Romney criticizes Chicago teachers, sides with parents

Mitt Romney, the Republican presidential nominee, said the teachers striking in Chicago aren't putting their students first.

Charles Dharapak/AP
Republican presidential nominee Mitt Romney addresses the Republican National Convention in Tampa, Fla. on Aug. 30. On Monday, Romney said the school teachers striking in Chicago were turning their backs on their students.

Republican presidential nominee Mitt Romney said Monday that striking Chicago teachers are turning their backs on thousands of students and that President Barack Obama is rooting for the absent educators. Obama's top spokesman said the president has not taken sides but is urging both the teachers and the city to settle quickly.

Chicago's mayor, Obama ally Rahm Emanuel, called Romney's statement "lip service" as the contract dispute in the nation's third-largest school system inserted itself into the hard-fought presidential campaign.

Romney said he chooses to side with the parents and students, echoing his oft-repeated campaign speech claim that teachers' unions are out for themselves.

"We ought to put the kids first in this country and the teacher's union goes behind," Romney, in the Chicago area for a fundraiser, told conservative syndicated radio talk-show host Hugh Hewitt in a telephone interview. "As president, I will stand up and say, look, these teachers unions are not acting in the — with the best interest of the kids in mind."

White House spokesman Jay Carney said Obama was monitoring the situation in his hometown but was not itching to get involved.

"We hope that both sides are able to come together to settle this quickly and in the best interests of Chicago's students," Carney told reporters.

The move by 26,000 teachers and support staff affected almost 400,000 students. It was the latest flashpoint in the public debate over public employee unions that have roiled politics in Ohio, Wisconsin and beyond.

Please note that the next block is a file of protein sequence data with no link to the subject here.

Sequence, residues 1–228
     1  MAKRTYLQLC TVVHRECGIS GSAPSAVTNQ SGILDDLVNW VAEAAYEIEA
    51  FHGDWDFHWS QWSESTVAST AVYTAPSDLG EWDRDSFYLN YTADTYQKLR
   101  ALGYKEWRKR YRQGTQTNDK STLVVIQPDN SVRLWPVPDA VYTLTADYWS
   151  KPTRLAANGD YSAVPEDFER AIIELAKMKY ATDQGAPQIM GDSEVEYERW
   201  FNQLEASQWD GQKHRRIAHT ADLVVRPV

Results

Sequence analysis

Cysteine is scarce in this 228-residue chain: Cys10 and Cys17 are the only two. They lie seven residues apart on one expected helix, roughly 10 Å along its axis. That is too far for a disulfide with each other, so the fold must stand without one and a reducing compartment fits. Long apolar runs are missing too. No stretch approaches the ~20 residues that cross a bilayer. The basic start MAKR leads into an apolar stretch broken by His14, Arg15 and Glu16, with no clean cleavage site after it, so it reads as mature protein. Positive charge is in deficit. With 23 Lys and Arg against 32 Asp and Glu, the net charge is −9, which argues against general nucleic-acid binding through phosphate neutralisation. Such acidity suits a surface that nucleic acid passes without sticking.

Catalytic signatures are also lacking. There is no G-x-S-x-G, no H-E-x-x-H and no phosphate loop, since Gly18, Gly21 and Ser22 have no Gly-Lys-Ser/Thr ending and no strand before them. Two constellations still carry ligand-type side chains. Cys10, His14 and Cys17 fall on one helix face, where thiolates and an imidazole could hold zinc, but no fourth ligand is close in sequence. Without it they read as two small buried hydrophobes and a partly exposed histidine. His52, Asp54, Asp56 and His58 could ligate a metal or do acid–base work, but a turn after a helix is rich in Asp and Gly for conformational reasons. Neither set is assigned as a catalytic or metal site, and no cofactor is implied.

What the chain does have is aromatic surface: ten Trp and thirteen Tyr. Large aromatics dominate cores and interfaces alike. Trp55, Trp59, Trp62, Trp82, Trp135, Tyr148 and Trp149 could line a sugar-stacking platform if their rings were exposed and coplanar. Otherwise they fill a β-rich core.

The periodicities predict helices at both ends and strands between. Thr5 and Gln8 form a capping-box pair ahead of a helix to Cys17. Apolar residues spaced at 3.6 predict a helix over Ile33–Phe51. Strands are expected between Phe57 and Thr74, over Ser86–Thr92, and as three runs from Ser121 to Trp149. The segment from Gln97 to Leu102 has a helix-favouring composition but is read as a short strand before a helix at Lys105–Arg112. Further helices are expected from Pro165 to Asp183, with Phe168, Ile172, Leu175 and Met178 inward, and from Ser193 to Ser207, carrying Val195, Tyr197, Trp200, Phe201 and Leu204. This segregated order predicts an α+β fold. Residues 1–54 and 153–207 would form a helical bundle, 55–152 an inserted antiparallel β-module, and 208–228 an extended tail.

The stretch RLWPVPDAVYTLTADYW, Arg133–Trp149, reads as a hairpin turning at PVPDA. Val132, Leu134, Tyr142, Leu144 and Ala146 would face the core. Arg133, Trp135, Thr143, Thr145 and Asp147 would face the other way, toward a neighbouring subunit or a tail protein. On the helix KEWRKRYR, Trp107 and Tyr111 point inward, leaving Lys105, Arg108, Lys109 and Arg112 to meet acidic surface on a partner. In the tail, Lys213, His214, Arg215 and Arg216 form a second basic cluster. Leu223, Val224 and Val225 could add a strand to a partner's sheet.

Obama political aides in Chicago criticized Romney for seeking advantage and pointed to his repeated campaign statements that class size does not affect a student's education.

"Playing political games with local disputes won't help educate our kids, nor will fewer teachers," said Obama campaign spokesman Ben LaBolt.

Emanuel, Obama's former White House chief of staff, was more direct in dismissing Romney.

"While I appreciate his lip service, what really counts is what we are doing here," Emanuel told reporters. "I don't give two hoots about national comments scoring political points or trying to embarrass — or whatever — the president."

Romney looked to tap into parents' concerns nationally with the dispute in Illinois, a state heavily favoring Obama in the fall elections.

"Teachers unions have too often made plain that their interests conflict with those of our children, and today we are seeing one of the clearest examples yet,"

Romney said in a statement issued by his campaign. "President Obama has chosen his side in this fight, sending his vice president last year to assure the nation's largest teachers union that 'you should have no doubt about my affection for you and the president's commitment to you.'"

Romney was quoting Vice President Joe Biden's remarks to the National Education Association in 2011 during which he also acknowledged that "not all teachers are created equal" and urged educators to be accountable.

Romney running mate Paul Ryan joined the criticism of the president, saying he doesn't agree with the Chicago mayor very often but that "on this issue, on this day, we stand with Rahm Emanuel. We stand with the parents and the families of Chicago."

"We have to ask, 'Where does President Obama stand? Does he stand with his former chief of staff, Mayor Rahm Emanuel, with the children and the parents, or does he stand with the union?" Ryan told donors at a fundraiser in Portland, Ore.

Obama too has urged accountability in teachers — moves union leaders have opposed.

For instance, Obama's administration has favored pilot programs that challenge current practices, rewarded schools that try new approaches and pushed for longer school days.

Obama's education secretary, Arne Duncan, is a former head of Chicago Public Schools who pushed for changes the unions opposed.
Associated Press writer Jonathan J. Cooper in Portland, Ore., contributed to this report.

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